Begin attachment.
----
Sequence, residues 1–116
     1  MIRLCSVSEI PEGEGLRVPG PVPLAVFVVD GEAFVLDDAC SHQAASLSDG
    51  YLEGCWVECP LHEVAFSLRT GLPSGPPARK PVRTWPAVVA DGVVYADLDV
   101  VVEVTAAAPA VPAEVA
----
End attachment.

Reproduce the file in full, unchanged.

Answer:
Sequence, residues 1–116
     1  MIRLCSVSEI PEGEGLRVPG PVPLAVFVVD GEAFVLDDAC SHQAASLSDG
    51  YLEGCWVECP LHEVAFSLRT GLPSGPPARK PVRTWPAVVA DGVVYADLDV
   101  VVEVTAAAPA VPAEVA